Aided by a U.S.-Marshall Islands compact agreement that allows Marshallese to travel to the United States without a visa, adoption agencies have been bringing pregnant women from that Western Pacific nation to Hawaii in the past few years, where they give birth and then turn over the babies to American families previously matched for adoptions.

The practice, according to critics, circumvents Marshallese law and tends to exploit the birth mothers, who generally don't understand that they are giving up their children for good -- a concept foreign to Marshallese culture.

Some critics also say the practice often involves adoption agencies committing fraud against the mothers, state and federal governments and health-care providers -- one reason law enforcement agencies are taking a closer look.

The Hawaii Attorney General's Office is investigating whether Medicaid fraud is involved.

Many of the Marshallese women, who usually don't speak English, are brought to Hawaii and enrolled in state-funded Medicaid, which covers their medical expenses. But in some cases, the adoption agency collects money for medical expenses from the adopting families while enrolling the mothers in Medicaid, raising the question of whether the families and state taxpayers are being double-billed.

That was one issue mentioned last week when U.S. Rep. Neil Abercrombie hosted a video conference to discuss ways to solve what he and others called a problem of human trafficking.

Lach, however, cautioned against tainting a whole industry by the unethical actions of a few. She said the problems associated with Marshallese adoptions have nothing to do with where the birth mothers are from.

"I think it's an unethical agency taking advantage of people who are desperate for a child," she said.

Kauai resident Kim Kennedy, on the national board of Ethica, an organization that advocates ethical practices in adoptions, said cases involving Marshallese women giving birth in the United States are unusual for two reasons: those adoptions are considered domestic even though the mothers are from a foreign country, and the adopting families pay for the birth mothers' medical expenses before the infants are placed with the families.

In international adoptions, the birth mother's expenses usually are paid by a government organization, orphanage or some other entity in the home country, not by the adopting family, Kennedy said.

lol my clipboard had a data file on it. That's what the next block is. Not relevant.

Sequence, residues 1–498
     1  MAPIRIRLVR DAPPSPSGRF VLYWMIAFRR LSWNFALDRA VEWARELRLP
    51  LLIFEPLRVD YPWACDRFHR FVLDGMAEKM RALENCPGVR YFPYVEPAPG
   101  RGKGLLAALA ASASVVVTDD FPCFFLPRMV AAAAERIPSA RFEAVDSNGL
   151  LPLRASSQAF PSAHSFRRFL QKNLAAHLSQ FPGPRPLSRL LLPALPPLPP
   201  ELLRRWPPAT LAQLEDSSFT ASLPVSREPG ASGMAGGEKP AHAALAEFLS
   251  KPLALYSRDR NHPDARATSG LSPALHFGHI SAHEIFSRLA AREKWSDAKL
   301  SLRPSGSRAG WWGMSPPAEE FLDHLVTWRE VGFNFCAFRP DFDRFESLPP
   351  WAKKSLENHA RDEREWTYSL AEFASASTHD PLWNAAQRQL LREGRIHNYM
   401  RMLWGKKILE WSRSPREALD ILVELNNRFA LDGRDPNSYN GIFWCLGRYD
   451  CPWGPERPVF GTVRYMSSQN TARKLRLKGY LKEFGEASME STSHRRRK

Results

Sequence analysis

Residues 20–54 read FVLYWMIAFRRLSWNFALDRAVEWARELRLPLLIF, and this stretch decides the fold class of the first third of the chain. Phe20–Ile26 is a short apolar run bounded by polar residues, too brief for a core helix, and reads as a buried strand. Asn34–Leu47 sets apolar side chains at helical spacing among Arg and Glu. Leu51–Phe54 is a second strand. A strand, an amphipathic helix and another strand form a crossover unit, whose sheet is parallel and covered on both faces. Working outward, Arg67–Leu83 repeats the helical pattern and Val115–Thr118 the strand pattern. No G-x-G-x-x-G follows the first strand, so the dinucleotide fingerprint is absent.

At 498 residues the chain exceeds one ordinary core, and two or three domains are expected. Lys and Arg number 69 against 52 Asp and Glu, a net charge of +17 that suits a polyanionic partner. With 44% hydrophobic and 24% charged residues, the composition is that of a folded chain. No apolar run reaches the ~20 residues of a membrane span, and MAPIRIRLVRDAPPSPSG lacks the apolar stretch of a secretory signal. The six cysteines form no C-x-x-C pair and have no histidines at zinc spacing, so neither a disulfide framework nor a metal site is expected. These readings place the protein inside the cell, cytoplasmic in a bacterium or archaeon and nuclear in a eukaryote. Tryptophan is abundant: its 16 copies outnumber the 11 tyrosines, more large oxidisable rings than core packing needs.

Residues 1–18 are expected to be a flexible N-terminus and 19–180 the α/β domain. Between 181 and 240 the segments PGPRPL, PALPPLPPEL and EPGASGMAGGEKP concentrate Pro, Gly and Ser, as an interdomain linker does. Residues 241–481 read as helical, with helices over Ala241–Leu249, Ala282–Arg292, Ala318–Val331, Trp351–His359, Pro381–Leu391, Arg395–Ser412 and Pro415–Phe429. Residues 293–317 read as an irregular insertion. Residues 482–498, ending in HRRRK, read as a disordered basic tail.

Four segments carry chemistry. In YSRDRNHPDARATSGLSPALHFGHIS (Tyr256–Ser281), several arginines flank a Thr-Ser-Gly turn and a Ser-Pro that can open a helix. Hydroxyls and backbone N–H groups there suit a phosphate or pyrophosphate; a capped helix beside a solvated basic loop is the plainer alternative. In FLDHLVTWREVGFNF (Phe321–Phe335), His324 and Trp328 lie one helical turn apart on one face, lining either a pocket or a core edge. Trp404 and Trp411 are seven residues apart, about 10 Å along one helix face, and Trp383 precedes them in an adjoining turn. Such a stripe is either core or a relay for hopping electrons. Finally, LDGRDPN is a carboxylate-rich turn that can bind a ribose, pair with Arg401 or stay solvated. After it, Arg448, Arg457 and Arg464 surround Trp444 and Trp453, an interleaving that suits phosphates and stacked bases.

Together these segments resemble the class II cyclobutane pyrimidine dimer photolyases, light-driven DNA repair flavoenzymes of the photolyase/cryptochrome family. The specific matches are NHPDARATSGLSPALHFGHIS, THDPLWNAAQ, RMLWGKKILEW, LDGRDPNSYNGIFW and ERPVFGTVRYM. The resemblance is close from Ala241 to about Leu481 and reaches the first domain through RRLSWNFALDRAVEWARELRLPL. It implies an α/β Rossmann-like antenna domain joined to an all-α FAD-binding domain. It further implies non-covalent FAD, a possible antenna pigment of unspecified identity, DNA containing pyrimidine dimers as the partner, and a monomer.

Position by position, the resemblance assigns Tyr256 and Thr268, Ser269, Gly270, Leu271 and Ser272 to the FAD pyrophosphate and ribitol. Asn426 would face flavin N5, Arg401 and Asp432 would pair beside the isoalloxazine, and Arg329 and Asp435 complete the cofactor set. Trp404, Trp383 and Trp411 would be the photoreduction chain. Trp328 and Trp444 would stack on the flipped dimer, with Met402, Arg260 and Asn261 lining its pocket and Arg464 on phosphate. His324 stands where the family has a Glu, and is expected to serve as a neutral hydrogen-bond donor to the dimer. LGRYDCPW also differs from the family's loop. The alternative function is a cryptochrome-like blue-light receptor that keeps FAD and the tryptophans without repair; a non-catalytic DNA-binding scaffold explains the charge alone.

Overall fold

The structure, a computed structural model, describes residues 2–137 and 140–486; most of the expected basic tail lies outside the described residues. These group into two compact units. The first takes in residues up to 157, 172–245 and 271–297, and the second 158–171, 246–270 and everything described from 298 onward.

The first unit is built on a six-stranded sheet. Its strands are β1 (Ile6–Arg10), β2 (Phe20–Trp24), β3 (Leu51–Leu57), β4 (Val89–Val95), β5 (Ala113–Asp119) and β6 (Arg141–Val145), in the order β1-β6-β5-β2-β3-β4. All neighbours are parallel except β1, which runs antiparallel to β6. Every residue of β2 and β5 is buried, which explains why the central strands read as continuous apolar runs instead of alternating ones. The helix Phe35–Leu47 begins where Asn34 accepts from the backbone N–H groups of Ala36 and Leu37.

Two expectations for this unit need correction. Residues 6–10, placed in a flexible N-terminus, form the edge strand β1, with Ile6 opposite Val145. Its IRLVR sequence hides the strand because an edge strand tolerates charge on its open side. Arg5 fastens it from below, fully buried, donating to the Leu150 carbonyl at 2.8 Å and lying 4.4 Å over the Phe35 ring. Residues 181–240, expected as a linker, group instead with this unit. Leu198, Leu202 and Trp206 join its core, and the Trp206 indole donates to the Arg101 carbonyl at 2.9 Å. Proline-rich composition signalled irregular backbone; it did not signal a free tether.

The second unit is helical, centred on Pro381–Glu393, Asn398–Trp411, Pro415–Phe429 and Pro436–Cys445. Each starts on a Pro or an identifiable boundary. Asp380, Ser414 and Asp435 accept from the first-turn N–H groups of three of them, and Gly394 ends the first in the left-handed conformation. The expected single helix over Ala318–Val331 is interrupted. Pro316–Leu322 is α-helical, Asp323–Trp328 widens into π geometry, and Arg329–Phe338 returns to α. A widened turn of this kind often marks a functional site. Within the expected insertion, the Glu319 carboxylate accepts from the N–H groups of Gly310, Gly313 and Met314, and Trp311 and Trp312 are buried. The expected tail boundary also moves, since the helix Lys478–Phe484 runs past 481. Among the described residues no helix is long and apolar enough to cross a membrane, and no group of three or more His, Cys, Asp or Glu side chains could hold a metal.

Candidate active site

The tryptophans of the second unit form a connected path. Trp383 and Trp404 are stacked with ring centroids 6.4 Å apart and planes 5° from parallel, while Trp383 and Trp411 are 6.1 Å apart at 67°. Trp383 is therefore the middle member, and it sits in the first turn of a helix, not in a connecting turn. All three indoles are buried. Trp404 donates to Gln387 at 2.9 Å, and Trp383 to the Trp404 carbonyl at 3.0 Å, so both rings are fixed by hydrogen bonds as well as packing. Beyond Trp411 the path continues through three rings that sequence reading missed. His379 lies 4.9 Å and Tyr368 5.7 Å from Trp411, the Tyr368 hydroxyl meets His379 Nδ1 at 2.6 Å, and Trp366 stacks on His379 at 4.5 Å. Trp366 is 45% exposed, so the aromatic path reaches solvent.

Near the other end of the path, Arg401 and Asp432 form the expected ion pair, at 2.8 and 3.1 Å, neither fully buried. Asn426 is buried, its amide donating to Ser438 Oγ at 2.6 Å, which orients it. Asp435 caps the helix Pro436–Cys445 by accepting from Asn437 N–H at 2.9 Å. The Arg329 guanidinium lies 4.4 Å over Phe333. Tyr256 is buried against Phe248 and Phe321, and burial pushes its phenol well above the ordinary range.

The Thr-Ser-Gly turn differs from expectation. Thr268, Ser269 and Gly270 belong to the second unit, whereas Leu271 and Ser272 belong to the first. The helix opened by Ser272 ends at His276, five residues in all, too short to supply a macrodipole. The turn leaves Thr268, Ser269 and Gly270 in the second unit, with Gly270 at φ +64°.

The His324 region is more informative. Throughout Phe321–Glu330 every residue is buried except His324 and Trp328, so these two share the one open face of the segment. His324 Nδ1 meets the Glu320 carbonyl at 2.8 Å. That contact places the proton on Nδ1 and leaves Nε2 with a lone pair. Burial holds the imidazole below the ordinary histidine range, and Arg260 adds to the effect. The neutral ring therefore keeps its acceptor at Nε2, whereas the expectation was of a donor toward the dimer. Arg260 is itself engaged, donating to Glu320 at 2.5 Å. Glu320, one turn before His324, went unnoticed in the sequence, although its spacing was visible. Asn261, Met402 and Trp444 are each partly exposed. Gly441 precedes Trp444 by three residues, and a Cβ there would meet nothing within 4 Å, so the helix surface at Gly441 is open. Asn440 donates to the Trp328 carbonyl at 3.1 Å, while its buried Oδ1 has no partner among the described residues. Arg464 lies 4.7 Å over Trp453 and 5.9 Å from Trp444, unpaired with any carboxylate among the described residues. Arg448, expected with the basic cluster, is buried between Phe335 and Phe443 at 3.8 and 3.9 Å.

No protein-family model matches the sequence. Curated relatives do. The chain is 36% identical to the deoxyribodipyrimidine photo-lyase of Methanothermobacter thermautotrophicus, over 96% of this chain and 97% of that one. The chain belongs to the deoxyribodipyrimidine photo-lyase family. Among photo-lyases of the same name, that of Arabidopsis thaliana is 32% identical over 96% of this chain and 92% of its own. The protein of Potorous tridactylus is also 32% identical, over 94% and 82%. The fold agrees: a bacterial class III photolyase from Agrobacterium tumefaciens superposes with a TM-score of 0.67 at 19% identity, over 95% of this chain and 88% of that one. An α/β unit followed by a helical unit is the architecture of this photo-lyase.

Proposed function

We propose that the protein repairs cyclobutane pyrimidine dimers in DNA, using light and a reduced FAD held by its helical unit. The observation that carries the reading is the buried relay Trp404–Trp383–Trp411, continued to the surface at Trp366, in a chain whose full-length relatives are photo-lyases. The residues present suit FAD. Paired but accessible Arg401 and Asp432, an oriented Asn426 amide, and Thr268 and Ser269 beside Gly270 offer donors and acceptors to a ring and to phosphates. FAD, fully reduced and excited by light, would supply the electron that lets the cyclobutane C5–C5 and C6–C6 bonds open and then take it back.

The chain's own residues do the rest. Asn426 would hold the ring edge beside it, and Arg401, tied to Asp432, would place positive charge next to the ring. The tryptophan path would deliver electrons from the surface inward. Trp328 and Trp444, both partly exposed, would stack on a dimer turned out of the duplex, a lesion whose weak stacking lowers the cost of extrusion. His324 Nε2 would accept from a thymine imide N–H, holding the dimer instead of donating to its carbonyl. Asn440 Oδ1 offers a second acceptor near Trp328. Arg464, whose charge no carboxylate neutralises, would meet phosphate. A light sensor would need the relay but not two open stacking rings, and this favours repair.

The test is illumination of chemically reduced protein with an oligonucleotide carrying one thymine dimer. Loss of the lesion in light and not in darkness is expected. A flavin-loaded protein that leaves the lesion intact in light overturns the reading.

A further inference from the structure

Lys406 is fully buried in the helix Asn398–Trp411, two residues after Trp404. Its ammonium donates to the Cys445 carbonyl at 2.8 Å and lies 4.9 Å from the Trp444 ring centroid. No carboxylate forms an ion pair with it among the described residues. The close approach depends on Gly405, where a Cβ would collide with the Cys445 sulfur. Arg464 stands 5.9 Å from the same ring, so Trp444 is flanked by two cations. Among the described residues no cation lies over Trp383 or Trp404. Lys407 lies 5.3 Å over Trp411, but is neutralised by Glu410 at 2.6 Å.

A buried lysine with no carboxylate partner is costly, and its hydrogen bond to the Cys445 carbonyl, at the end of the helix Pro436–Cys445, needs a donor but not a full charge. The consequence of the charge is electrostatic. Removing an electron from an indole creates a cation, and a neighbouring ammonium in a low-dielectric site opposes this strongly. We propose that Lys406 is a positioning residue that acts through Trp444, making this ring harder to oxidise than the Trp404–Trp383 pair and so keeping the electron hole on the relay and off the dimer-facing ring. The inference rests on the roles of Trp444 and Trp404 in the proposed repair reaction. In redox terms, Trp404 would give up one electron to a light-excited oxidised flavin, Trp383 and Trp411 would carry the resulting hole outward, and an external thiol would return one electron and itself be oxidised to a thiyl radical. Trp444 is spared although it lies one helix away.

If the family pays the expenses, "they're taking a big risk," she said, because the mother is free to change her mind about the adoption even after the baby is born.

The Frost case demonstrates another kind of risk: money for a birth mother's expenses can be paid up front to one organization, but the mother eventually ends up with another, rendering meaningless the initial payments.

That can happen even in cases involving U.S. birth mothers, industry officials say.

Although Frost and her husband had their hearts set on adopting Kaylia, she said they're trying to put that heartbreak behind them. They eventually plan to pursue another adoption through a different agency.

Frost said she hopes their awful experience of the past few weeks will result in positive changes to the system of adopting Marshallese babies.

"Maybe God was just using us as a tool to fix this thing," she said.

Two-month-old Khith Sophal, one of Soum Savy's twin boys, is seen Feb. 1 in Laing Kout village, Kampong Cham province, Cambodia, 90 miles north of the capital Phnom Penh. Soum Savy was going to give her boys away but had second thoughts.

A Kauai woman faces
trial in a Cambodian
baby trafficking case

LAING KOUT, Cambodia >> The chief baby trader in this dirt-road village 90 miles from the capital waits at a pagoda to hear whether a neighbor will sell her 2-month-old twins to a family overseas.

"No?" Chea Kim says when told the desperate woman has changed her mind about giving up her children for as little as $20 each. "Why not?"

Although illegal baby sales may have slowed since the United States, France, the Netherlands and several other countries started suspending international adoptions from Cambodia two years ago, the practice persists in poverty-stricken villages like Laing Kout, according to an investigation by the Associated Press.

The director of one U.S. agency that appears to have benefited from Laing Kout's thriving baby trade is scheduled to be sentenced Friday in a case that made international headlines because the agency also handled the adoption of actress Angelina Jolie's son, Maddox. The agency director's sister, who lives on Kauai, is to be tried later this year.

There is no evidence that the actress did anything wrong or that the boy was not an orphan -- one of several hundred Cambodian children adopted by Americans each year until the ban, peaking at more than 400 in 2000.